Aruna Patel has a unique connection to October 2 because it was on this day in 2015 that she received her breast cancer diagnosis. “As a nurse, I interact with patients every day. But even then, the news had an impact on my entire family, not just me, “Patel, who is currently employed by Sterling Hospital’s cancer centre, says.
Nearly 10 years after her rehabilitation and return to work, she is eager to share her experiences with the centre’s new patients.
“Two of the major fears for the patients include loss of breast and loss of hair. Often, chemotherapy also frightens women. I try to take them through my journey and assure them that new technology and proper treatment can provide a shot at a normal life,” she said.
Oncologists in the city noted that the finest counsellors are frequently those who have been patients or have recently completed treatment. February 4 is recognised as World Cancer Day with the theme “bridge the care gap.”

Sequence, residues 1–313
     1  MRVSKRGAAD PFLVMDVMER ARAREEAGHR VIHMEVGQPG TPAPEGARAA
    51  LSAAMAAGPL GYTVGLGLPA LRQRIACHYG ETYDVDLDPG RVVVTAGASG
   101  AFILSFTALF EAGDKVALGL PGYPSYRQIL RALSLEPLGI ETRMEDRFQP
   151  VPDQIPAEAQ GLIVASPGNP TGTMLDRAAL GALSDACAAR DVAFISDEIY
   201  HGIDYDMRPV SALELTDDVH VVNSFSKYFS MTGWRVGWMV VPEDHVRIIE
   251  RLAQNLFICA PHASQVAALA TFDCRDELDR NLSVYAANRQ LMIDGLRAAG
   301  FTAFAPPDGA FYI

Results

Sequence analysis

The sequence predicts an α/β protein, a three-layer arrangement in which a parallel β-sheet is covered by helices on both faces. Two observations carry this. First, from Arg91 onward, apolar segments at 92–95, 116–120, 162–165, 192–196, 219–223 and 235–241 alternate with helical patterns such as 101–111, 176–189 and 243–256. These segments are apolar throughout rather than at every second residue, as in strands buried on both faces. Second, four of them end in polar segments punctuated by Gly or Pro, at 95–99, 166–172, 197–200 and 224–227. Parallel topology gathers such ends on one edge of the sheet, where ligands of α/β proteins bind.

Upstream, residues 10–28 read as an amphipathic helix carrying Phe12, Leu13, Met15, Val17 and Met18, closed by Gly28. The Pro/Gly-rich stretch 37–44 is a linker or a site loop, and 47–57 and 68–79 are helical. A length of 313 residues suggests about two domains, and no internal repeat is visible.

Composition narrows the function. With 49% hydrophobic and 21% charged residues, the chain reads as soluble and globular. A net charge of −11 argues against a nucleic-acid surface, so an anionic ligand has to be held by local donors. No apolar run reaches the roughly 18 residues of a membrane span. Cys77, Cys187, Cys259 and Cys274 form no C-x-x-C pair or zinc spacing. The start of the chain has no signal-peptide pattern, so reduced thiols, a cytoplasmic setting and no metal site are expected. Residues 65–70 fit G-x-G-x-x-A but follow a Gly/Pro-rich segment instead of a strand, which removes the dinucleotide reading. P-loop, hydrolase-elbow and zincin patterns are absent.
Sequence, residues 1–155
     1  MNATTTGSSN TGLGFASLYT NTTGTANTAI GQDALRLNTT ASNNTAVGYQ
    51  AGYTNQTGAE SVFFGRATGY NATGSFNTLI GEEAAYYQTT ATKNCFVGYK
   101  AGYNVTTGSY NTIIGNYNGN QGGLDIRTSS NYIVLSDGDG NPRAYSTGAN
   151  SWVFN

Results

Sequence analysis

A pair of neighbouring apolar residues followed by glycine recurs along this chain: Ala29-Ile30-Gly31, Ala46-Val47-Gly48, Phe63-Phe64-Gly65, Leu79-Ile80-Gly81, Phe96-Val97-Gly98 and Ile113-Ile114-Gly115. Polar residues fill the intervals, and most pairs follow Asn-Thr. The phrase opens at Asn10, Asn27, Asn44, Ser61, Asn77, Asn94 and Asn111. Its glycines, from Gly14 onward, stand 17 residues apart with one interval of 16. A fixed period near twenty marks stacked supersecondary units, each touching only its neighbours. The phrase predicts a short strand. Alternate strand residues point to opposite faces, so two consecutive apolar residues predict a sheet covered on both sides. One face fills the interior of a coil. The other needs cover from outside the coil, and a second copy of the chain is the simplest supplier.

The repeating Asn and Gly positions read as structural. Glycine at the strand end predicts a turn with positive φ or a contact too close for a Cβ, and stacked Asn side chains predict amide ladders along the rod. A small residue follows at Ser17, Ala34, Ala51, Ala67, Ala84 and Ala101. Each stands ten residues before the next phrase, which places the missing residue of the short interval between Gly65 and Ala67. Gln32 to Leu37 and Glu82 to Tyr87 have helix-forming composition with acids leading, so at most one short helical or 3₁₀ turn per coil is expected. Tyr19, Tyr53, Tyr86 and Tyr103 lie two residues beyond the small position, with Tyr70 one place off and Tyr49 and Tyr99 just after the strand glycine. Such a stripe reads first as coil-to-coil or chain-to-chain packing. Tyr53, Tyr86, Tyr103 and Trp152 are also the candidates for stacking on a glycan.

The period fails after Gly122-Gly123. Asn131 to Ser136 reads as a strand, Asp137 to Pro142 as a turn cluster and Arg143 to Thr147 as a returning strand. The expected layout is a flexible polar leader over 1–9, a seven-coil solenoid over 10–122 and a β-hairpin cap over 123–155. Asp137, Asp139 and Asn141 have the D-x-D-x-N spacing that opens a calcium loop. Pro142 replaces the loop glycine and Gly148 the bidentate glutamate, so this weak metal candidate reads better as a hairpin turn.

Dr Kaustubh Patel, the head & neck oncologist with HCG Cancer Hospital, said that the support group members often visit the OPDs. “In some cases, we also share their numbers with the relatives of the patients to understand the life of a cancer patient. It has a huge psychological impact,” he said.
The cancer patients are often referred to Dr Parul Shah, a city-based gynaecologist who is a cancer survivor. “It was a self-diagnosis of sorts when I realized that I had breast cancer. It’s nearly two decades now and the stigma is much less now with better diagnostics and treatment. But the key word remains early detection and treatment,” said Dr Shah, who has counselled over 200 women.